Summary: Three consequnces of living between Christ’s first and second coming.
Several years ago my mom and late stepfather were hiking back from some hot springs in the desert when they decided to take a shortcut back to their car. That shortcut ended up getting them hopelessly lost in the desert. With the blazing heat beating down on them and with no food or water, slowly they started getting dehydrated. Eventually they couldn’t go on anymore. In the hot afternoon sun, they sat in a patch of shade, as the signs of serious dehydration started taking over their bodies and they started slipping into shock. All they could think of was water…cold, clean, refreshing water.
Well, after several hours of exposure they were rescued, but the only thing their rescuers had to quench their thirst was warm beer. Somehow after longing for fresh water, warm beer seemed to be a huge let down.
Isn’t that what life is like? We wait for things with hopeful, eager expectation, and when we finally get what we were eagerly looking forward to, it’s more like warm beer. As kids we eagerly look forward to Disneyland, yet as fun as Disneyland is, it doesn’t quite live up to our hopes. We look forward to going off to college, to getting married, to having kids, to moving up in the world, to retirement, yet none of these things deliver all we hoped they would. We spend all our time and energy climbing the ladder of success, but when we reach the top we find that the view isn’t nearly as wonderful as we’d once thought it would be.
There’s a restlessness behind our yearnings that nothing can seem to satisfy. Almost sixty years ago, the Christian author C. S. Lewis preached a sermon called "The Weight of Glory" that addressed this very issue (Lewis 361-70). Lewis claimed that the true longing behind all our earthly longings is a longing for heaven. Lewis said, "Our lifelong nostalgia, our longing to be reunited with something in the universe from which we now feel cut off, to be on the inside of some door which we have always seen from the outside" is really a hunger for God himself (368).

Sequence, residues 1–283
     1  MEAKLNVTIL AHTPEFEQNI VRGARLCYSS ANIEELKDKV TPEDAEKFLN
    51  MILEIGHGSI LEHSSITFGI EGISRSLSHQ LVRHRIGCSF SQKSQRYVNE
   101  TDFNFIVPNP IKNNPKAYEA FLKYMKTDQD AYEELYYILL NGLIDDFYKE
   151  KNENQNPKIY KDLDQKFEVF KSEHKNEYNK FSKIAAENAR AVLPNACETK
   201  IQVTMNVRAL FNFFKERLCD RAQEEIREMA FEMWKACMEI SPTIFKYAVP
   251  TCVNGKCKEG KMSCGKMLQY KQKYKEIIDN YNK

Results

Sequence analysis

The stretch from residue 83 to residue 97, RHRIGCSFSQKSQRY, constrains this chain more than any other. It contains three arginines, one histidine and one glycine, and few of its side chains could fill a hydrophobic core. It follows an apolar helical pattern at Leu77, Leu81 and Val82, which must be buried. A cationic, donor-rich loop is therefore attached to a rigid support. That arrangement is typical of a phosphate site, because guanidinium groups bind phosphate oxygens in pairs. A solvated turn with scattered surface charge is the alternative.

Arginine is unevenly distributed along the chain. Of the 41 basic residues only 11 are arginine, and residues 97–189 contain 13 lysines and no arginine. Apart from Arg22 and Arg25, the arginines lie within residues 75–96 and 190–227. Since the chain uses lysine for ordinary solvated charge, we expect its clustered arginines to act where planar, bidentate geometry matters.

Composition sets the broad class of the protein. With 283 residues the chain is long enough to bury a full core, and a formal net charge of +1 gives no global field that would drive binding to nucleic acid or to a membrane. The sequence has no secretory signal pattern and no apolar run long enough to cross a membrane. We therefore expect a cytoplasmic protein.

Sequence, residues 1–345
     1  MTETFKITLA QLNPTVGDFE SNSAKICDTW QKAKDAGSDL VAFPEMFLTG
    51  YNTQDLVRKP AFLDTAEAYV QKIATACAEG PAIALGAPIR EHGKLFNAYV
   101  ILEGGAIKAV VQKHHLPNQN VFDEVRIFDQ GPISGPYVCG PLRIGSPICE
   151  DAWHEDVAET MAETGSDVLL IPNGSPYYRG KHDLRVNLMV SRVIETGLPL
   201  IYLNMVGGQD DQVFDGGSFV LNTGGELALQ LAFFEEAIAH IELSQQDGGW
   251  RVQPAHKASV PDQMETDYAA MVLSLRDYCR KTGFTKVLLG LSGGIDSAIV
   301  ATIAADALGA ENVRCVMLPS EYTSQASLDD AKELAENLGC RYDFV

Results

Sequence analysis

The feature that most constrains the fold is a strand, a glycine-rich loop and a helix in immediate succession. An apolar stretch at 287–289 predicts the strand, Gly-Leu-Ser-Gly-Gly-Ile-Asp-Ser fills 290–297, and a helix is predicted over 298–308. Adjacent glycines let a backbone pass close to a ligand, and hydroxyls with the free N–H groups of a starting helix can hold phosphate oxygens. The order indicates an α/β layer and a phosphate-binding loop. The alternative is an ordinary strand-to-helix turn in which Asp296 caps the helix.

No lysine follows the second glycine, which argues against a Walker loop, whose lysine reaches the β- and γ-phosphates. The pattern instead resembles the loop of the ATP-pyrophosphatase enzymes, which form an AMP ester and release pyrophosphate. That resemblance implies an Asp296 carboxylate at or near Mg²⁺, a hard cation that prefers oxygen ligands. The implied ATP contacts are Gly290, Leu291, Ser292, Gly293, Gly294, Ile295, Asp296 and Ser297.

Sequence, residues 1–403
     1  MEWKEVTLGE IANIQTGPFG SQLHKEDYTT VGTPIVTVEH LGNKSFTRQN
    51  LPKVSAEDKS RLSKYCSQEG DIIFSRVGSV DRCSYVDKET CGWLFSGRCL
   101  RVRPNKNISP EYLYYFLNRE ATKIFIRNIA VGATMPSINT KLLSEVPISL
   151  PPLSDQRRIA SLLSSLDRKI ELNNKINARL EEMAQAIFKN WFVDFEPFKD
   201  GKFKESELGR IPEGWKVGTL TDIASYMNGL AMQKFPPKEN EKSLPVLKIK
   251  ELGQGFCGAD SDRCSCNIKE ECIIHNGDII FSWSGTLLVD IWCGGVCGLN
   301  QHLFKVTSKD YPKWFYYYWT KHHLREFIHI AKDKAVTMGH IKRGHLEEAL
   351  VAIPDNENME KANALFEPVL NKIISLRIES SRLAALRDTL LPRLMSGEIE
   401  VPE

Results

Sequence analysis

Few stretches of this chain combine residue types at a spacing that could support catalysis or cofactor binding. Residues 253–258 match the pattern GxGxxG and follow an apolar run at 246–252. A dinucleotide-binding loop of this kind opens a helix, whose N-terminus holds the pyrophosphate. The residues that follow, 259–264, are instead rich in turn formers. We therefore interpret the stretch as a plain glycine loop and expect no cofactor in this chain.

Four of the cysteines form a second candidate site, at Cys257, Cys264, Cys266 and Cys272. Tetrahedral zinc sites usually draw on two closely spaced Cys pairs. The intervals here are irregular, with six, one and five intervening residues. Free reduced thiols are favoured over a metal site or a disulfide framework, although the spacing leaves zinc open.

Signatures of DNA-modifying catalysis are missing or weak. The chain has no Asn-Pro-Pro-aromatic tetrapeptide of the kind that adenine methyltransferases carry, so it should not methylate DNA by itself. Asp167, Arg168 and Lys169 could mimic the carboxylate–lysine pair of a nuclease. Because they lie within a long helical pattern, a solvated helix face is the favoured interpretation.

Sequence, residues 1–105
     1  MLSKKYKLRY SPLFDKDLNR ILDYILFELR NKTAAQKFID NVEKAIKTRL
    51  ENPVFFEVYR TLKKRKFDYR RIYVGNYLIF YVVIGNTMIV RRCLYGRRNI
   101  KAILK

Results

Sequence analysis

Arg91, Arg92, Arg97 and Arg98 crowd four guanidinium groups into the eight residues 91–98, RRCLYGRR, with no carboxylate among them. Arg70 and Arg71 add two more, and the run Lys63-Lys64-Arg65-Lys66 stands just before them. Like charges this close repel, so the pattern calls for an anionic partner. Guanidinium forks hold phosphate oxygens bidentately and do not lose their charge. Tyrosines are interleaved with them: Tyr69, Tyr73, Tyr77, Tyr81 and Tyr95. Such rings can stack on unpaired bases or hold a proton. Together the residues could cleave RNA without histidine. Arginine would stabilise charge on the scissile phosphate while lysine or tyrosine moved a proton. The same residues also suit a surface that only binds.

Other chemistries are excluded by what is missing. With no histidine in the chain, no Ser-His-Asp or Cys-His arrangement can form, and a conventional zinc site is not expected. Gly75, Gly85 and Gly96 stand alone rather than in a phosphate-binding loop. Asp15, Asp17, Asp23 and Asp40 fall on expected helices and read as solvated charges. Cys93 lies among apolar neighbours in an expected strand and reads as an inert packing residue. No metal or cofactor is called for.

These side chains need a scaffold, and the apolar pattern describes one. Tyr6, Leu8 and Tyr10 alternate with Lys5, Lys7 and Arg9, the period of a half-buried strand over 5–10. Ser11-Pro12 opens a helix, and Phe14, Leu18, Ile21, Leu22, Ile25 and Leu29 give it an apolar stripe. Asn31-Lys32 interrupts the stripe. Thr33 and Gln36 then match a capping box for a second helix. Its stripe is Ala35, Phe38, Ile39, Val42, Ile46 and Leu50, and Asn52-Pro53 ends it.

We’re like the Neo in the movie The Matrix. Neo knows that life is more than what he’s presently experiencing, and he yearns to know more, to experience more, to break out of his current circumstances and embrace real life. The Matrix is a kind of postmodern parable of the human condition C. S. Lewis talked about.
This experience is especially true of people who’ve become followers of Jesus Christ. You see, Christians live in between two ages, in a tension between the "already" and the "not yet" of God’s Kingdom.
On the "already" side, Jesus Christ has already lived a perfect life, died on the cross for our sins, and risen from the grave to vanquish death. Jesus claimed that his life, death, and resurrection established God’s rule and reign. Yet creation is still dominated by sin, and despair continues to persist, even though God’s new creation realm is invading the old creation.
On the "not yet" side is the future second coming of Jesus Christ’s at the end of the age. We’re still waiting for the final curtain on history to fall, when God’s kingdom is consummated in power on this earth. We’re waiting for that time predicted in the book of Revelation, when the kingdoms of this world become the Kingdom of our Lord and of his Messiah Jesus (Rev 11:15). We’re waiting for the new creation, that time when suffering is alleviated, grieving is soothed, when death is swallowed up by life.
Even though we live in between the "already" and the "not yet," the follower of Jesus Christ belongs to the new creation, to the future. The moment we trust in Jesus and become his follower, we become part of God’s new creation. That’s where our true home is, where we truly belong. We’re like Marty McFly in the old "Back to the Future" movie, stuck in the past but truly belonging to the future.
And because we live in this tension, it’s not always easy to live the spiritual life of following Jesus Christ. Today we’re going to look at three results of living during this in between time.
1. Creation Yearns To Get Back to the Future (Romans 8:18-22)
Let’s look at verses 18-22. Paul is contrasting the old age of Adam with the in-breaking of God’s future kingdom that was established by Jesus Christ. The old age is characterized by glory concealed, while the God’s new creation will be characterized by glory revealed. C. S. Lewis thought this glory was receiving recognition from God, as a proud father recognizes and praises his son (Lewis 366). It’s hearing, "Well done, well done, well done" from the God who made us.